”Circuit boards and things like that—and we didn’t know this until now, because there haven’t been 50 and 60 year old circuit boards until now—but we’re learning they actually hold up pretty well.” Other materials, plastics and rubbers and so on, are more challenging. “In some ways, a machine made in ‘57 is easier to deal with than a 1980’s or early ‘90s PC that used cheap plastics and those plastics are degrading in weird ways.”
The museum also replaces most power supplies even when it leaves the rest of the machine alone. “A lot of the old power supplies used oil impregnated paper. Over time the oil actually leeches out and you’re left with paper. When you apply voltage and there’s paper in there, guess what the paper starts to do?”
”One of our rules here is not burning down the building.” He laughs.
”We’ll switch those out, we’ll do some checks on wiring and things like that, and then we’ll try to power it up. We call it a smoke test. A few of us stand around with fire extinguishers and we turn it on and see what happens.”
There are special projects down here too, many of them better preserved. A DEK museum in Australia closed down in the past few years, and the Living Computer Museum inherited those machines. “We’re interested in highlighting some of those, but we only have so much room to put stuff out.” That’s also the reason a pristine IBM-360-20 sits in the basement—“This was upstairs until we got the 360-30 which is a ‘real 360’ as we say, so we pulled this out.” The 360-20, I’m told, might get traded away to some other museum with similar goals, maybe one in Europe.
And then there are the really special projects—namely, the Cray-2. When Carlson shows it to me, it’s covered by a blanket and sitting in its own special storage room. The Cray-2’s been a dream for the Living Computer Museum since its inception, one of the most popular and recognizable supercomputers ever built. The problem? When decommissioned, most were killed in a way that would make it impossible to salvage—wires cut, usually.
The one here in storage? “It’s in essentially perfect condition. It was used at the Minnesota Supercomputing Center and when it came out of service it was actually taken out of service with the thought it’d be reinstalled somewhere. So they didn’t cut all the wires.”
That means the Living Computer Museum might actually be able to get it up and running, then make it accessible to visitors—the same as any other machine in their collection. One remaining challenge? Getting enough Fluorinert, a liquid-cooling compound used in the Cray-2’s iconic waterfall loop. “The whole machine gets filled with Fluorinert including the power supplies down there, and it flows through the boards at one inch per second, taking all that heat away.”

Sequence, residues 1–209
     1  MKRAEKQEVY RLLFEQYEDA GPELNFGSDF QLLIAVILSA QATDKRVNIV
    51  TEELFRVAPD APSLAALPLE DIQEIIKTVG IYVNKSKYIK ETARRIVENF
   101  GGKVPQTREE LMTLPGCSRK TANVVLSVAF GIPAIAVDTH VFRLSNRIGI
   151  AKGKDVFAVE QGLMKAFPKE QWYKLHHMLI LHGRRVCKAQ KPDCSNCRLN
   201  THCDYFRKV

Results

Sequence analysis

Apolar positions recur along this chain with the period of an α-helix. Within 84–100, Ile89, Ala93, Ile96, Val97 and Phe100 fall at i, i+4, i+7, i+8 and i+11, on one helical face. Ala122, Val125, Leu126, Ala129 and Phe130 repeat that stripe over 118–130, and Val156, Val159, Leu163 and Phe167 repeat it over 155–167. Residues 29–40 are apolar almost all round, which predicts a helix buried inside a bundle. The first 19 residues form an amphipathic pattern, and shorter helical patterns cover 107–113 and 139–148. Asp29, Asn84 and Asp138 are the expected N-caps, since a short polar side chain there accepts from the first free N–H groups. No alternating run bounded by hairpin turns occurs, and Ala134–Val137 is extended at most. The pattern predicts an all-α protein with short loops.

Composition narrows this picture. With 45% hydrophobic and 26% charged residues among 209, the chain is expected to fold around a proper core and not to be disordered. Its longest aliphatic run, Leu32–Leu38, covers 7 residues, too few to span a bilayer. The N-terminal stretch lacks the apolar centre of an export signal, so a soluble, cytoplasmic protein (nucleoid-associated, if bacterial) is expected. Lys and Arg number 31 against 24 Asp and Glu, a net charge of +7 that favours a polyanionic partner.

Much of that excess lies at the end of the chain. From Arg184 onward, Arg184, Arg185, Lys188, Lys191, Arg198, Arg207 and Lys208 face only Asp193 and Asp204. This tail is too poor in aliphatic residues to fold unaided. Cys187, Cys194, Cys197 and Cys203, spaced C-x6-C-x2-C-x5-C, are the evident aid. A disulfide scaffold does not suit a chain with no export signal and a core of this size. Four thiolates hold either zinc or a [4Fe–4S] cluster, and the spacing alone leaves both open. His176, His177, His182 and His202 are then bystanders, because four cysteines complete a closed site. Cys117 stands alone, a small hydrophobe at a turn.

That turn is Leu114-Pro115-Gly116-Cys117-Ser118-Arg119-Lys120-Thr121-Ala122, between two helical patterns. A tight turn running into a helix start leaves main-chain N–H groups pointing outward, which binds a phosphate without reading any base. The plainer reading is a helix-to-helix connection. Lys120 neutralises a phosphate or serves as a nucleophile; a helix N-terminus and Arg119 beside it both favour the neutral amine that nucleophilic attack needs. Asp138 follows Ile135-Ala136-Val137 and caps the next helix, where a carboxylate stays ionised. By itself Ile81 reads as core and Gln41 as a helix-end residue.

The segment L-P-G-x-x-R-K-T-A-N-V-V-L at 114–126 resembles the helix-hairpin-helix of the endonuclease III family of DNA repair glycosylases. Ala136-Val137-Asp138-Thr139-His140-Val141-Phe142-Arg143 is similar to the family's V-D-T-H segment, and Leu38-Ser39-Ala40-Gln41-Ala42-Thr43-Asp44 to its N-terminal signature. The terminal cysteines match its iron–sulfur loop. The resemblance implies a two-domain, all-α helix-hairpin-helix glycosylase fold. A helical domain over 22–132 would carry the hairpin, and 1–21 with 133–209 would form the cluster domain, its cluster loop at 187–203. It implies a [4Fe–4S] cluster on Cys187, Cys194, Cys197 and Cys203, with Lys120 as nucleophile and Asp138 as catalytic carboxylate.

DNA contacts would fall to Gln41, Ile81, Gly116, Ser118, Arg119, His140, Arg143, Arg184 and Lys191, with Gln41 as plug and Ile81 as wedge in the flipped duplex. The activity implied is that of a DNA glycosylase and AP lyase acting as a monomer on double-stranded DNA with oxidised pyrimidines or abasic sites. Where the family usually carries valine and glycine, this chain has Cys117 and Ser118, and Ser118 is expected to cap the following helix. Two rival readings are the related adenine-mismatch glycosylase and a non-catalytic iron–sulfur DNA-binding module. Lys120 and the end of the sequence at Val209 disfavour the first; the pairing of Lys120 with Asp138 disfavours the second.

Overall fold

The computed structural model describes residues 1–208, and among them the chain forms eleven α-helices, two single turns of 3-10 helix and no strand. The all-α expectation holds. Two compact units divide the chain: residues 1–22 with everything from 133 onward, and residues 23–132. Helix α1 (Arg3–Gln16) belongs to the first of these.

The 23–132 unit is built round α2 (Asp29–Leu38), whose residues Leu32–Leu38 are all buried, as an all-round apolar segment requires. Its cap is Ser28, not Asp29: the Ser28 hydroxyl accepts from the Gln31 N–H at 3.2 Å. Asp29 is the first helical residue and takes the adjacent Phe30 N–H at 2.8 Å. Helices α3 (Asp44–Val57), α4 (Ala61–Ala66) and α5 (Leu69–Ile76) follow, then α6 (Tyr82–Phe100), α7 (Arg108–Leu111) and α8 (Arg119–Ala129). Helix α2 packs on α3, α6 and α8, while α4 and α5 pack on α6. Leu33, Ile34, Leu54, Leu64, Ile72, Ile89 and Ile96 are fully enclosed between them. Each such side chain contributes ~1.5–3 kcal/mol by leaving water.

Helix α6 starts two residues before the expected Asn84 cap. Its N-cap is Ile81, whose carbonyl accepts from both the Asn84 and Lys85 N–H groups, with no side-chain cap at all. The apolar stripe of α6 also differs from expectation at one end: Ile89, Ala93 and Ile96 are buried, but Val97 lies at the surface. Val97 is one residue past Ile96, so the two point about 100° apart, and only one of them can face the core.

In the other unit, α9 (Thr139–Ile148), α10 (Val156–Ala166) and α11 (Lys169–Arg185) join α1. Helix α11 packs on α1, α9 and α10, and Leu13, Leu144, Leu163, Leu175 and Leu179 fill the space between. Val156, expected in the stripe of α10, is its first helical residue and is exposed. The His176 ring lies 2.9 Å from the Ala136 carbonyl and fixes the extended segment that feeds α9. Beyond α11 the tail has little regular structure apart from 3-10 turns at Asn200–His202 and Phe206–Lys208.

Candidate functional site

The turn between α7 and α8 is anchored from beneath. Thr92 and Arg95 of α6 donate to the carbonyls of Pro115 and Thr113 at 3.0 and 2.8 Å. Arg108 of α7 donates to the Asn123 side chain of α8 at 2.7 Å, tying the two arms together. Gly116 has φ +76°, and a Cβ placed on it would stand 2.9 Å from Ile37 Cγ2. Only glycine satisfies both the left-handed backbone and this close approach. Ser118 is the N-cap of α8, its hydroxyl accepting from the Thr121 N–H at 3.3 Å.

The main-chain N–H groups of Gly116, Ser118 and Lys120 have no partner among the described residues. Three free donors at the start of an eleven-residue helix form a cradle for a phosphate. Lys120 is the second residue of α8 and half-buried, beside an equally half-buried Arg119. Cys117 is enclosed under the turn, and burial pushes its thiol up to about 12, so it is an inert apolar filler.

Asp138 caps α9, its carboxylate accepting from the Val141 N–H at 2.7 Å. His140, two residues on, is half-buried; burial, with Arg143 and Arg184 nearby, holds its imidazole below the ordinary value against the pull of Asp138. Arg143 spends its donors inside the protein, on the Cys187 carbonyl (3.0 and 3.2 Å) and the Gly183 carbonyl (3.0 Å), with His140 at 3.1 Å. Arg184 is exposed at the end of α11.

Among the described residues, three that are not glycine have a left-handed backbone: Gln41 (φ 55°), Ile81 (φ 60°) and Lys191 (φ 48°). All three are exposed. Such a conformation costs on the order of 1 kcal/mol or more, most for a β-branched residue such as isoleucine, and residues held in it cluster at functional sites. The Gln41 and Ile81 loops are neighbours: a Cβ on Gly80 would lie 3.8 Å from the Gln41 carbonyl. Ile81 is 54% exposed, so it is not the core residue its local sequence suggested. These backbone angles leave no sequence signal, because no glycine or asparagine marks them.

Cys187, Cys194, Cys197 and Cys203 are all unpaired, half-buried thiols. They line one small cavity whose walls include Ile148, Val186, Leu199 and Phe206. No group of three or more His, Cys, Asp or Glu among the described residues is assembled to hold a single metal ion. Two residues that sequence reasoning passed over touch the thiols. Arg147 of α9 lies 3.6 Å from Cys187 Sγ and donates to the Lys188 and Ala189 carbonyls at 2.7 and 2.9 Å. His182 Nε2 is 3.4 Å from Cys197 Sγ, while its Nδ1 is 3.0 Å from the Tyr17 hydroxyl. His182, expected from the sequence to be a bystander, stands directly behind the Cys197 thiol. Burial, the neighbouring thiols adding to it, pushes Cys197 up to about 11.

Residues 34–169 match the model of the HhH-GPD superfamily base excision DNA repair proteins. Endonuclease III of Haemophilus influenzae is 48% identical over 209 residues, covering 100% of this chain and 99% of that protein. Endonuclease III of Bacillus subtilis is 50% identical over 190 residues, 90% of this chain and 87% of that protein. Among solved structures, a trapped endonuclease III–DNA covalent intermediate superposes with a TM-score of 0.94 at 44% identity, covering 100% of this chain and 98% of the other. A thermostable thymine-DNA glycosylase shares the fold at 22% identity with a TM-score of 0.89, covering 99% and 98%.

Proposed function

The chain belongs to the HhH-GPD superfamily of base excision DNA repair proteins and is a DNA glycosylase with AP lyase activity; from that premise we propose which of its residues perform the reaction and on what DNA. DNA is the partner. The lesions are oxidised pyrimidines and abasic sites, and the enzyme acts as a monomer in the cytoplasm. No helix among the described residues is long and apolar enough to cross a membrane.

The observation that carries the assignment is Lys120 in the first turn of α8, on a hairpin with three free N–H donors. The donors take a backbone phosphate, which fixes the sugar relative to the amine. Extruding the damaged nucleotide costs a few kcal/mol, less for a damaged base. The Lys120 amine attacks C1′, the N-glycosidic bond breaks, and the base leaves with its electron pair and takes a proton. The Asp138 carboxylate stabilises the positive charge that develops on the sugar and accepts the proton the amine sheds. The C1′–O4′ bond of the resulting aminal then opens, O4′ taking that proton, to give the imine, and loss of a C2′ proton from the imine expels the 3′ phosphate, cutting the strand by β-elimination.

”We actually called 3M and told them we needed 150 gallons and the guy was like ‘…You what?’ because they usually sell it I think by the liter or whatever, not by gallons.”
For future generations
”Our mission for all our restorations is to restore the machine to run for 100 years,” Carlson tells me. And not just run, but be usable. You can type on a PDP-10. You can try to comprehend Maze Runner on a Xerox Alto, compare it to Doom almost a decade later. You can play Zork on an Apple II.
As we’re going through the museum I point to an old Macintosh. “That’s the first computer my family ever had!” I say, excited even though it’s a relatively common machine. “That’s one of the fun things about this museum is that everybody, no matter when they grew up, they have that one machine they’re like ‘Oh, that was the one!’” says Carlson. “Literally almost every visitor. Sometimes it’s like the VAX or something crazy, other times it’s Commodore 64 or a TRS-80 or, we have a lot of people come in to see our Windows 95 machines.”
Later, after I’ve left Carlson in the lobby, I circle back to that same Macintosh and boot up Shuffle Puck Cafe. I used to play it, a kid dwarfed by my dad’s enormous desk chair. The screen seems smaller now, blurrier, the mouse blocky and barely usable, but I barely notice. I’m lost to nostalgia, rediscovering a piece of myself, a digital ghost I’d left in the care of my dad’s old Macintosh all these years without realizing it. It’s the type of memory I’d never get from an emulator, nor from simply seeing the same machine on display, one that comes from touching hardware I haven’t laid hands on in probably 20 years.
And I’m incredibly thankful the Living Computer Museum put in the work to make those memories possible, for me and countless others, whether they’re interested in the history of this not-so-old industry academically or merely grew up alongside it. There’s a lot of work going on behind the scenes, stuff you might not be aware of if you simply visit and see all these machines humming along.
In a way, that’s sort of the magic of it though. It’s an oasis where these machines can seemingly run forever, untouched by the ravages of time, and for a moment we can be too.